So with all that, I had this feeling that perhaps the author was attempting to mash together opposing themes that would intentionally make the reader uncomfortable. Yes, I left this book feeling like I had been put through some kind of social experiment and then tossed out the back door with my meager compensation for my time ��" the pleasure of writing up this review.

The Narration: While I didn’t care for this book, Dion Graham was an amazing narrator. His voice is deep and smooth and a joy to listen to. He had dialects for the various New Yorkers and a range of male and female voices. The audio production was excellent.
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High Midnight
High Midnight

nrlymrtl, April 19, 2015

What do psychotic clowns, cryptid chimeras, drunk sheriffs, Russian novel reading monkeys, ghostly lovers, and zombies have in common? Not much beyond this book. Set in modern day, Unity, Texas is a place to the unwanted, drunk, and those not wanting to be found to disappear. Laredo Beaumont, the sheriff, takes his job seriously, especially the napping and drinking part. At least, until the day a murder of clowns shows up.

This is one of the oddest books I have ever read. I knew it was a mishmash of genres and plot devices going into it, but the various elements pulled in was beyond expectations. And the author made it all work beautifully. I was constantly entertained, usually surprised, and left wanting more. I hear rumors there is a second book in the making and I have my fingers crossed that is true.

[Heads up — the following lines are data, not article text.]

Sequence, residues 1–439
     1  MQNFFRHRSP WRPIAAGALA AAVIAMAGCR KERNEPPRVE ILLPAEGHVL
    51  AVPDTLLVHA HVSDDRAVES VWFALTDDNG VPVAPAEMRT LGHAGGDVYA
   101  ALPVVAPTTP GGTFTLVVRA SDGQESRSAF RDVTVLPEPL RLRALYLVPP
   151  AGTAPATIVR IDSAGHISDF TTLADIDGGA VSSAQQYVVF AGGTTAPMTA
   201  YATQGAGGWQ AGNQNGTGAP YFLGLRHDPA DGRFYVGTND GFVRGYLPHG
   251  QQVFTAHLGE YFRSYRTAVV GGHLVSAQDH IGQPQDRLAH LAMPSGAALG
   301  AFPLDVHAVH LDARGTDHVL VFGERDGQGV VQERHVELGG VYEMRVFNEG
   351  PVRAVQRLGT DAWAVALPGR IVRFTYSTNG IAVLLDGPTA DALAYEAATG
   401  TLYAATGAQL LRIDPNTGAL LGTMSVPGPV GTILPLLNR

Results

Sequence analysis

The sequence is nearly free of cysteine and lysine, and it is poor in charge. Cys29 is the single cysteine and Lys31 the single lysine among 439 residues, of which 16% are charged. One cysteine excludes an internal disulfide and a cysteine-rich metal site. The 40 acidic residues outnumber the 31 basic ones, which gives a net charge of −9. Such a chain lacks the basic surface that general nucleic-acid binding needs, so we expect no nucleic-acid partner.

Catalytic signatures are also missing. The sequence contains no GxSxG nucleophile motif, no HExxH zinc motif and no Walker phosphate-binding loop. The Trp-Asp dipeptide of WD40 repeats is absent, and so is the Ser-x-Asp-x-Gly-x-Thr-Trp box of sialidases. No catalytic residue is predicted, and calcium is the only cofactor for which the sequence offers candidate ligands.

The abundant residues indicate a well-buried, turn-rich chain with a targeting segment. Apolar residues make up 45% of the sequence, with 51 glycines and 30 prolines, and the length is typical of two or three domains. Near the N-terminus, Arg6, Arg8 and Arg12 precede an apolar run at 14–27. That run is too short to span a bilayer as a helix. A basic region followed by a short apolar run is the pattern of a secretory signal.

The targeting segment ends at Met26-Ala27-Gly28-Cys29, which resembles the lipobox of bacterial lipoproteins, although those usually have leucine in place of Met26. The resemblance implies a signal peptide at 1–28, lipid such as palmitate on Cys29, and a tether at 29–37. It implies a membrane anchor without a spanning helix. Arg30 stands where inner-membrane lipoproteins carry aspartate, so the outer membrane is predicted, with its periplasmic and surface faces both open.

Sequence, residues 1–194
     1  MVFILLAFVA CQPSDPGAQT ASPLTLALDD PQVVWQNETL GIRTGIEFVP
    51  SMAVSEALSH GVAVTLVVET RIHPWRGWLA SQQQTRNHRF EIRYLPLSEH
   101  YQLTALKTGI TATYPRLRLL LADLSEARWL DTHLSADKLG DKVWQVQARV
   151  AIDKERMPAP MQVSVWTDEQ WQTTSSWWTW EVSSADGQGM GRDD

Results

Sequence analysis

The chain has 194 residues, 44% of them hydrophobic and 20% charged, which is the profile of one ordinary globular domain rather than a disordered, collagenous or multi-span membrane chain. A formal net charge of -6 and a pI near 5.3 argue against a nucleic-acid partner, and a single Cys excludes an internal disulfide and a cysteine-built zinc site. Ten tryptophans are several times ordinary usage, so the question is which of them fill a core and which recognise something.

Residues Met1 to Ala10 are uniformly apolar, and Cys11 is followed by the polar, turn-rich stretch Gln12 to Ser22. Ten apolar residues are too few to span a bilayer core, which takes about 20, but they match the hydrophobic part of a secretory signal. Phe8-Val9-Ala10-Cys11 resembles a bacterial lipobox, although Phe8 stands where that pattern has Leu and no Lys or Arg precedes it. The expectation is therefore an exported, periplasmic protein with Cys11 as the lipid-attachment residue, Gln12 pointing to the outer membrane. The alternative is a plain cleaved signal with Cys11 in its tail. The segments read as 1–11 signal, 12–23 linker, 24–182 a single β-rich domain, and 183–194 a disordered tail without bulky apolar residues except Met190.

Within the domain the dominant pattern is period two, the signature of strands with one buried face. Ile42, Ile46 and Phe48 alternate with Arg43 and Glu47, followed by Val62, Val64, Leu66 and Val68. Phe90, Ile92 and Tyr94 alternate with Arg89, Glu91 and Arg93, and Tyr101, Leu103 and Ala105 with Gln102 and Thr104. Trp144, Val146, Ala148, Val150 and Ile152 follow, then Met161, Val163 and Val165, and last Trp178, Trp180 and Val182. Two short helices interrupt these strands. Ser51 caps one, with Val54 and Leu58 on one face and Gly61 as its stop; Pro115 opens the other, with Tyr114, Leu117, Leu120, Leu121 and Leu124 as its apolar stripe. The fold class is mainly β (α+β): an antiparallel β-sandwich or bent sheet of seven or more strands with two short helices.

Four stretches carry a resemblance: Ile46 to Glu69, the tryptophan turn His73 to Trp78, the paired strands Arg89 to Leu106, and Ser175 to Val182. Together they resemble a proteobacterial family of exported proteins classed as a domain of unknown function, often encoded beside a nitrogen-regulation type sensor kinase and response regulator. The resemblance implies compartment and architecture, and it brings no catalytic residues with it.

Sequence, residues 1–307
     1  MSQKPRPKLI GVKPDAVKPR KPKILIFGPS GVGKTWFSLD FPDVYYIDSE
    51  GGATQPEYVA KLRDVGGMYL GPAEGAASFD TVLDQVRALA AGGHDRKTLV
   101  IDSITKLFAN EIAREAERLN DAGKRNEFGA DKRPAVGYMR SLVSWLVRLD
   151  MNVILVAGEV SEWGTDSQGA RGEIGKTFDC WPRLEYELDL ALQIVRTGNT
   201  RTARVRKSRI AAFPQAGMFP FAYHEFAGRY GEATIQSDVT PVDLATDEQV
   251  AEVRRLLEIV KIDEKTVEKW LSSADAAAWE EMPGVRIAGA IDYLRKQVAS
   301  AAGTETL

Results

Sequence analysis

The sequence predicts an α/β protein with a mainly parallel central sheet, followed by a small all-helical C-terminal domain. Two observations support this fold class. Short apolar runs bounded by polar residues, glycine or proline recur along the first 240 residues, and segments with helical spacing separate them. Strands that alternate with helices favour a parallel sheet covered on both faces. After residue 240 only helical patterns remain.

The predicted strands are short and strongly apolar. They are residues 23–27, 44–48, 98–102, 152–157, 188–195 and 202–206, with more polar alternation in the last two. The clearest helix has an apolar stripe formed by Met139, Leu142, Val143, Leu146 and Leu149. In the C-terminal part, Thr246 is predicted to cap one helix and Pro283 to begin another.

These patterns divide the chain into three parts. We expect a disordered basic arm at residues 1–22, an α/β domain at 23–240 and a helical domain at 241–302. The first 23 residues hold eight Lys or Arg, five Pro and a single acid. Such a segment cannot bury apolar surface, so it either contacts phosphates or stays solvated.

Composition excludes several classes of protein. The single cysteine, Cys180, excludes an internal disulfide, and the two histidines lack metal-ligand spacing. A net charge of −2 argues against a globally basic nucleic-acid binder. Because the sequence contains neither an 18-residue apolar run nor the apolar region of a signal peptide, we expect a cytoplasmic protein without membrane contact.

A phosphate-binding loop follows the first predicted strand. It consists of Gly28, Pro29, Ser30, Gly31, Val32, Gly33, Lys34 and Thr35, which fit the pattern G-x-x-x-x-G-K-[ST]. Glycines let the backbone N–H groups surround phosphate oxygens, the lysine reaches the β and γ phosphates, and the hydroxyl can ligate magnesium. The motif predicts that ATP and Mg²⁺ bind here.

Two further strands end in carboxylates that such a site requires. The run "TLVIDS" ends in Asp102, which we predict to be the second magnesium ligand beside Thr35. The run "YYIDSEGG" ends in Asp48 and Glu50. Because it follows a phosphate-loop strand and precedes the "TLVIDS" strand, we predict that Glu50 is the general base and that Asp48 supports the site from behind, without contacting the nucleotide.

The book starts off with psychotic clowns. Admittedly, it does jump around quickly from clown to clown, and often with swift punches of flashbacks showing a little bit of why that clown is now with a sadistic gaggle of clowns on a near deserted highway. Don’t be put off by this because the point of view settles down after that and gives a good story, with a few flashbacks here and there. The viewpoints do change throughout the tale, but we get to spend enough time with each character that the reader has time to connect with them.

I found Unity to be a fascinating town, especially all the problems they have with the cryptids such as the chupacabra and jackalope chimeras. The biologist in me wanted to do a summer study course in Unity. The half with the common sense knew we would have to get lost in a desert teeming with the shuffling undead. The zombies don’t feature heavily in this book, but do have a little key part to play.

Laredo and Sally Mae were my two favorite characters, one being a drunk authority figure and the other a ghostly bordello lass. They both kick ass in their own ways. And there is one sex scene. It is smoking hot, literally. There are flames involved. And a luchadero mask. Haha! Hooray for Mexican wrestling! That little detail gave me a good laugh, and yet, it really worked with the character.

Yes, there is a deputy sheriff. His name is Cicero, a chimpanzee. He wields knives and reads dreary Russian literature. Periodically, he smashes up the one and only bar, which is owned by the mayor of the town. She doesn’t appreciate such antics; hence, he has a job and has to keep it to work off his binges. Toss in the clowns (like Kiss me Kate) and some other town characters (the mayor’s bathrobe attired husband) and you have a very eclectic cast.

The plot was pretty straight forward. The clowns have been gallivanting about the country side looking for a specific person, someone they feel they need to payback (like by breaking said person’s kneecaps). In Unity, the sheriff struggles with the big question: why am I here? While he wrestles with that, all these other characters are just going about their lives, until some clowns with questionable makeup skills arrive in town. Really, the plot gave this backbone for all these character to play together on. I am fine with that because it was damn entertaining!

Narration: Bernard Setaro Clark was a good fit for this book. He had a variety of voices (and you definitely needed that for this book). His female voices were totally believable. Luckily, we weren’t treated to any monkey screeches. He had no hesitancy with the evil clowns or the love scene.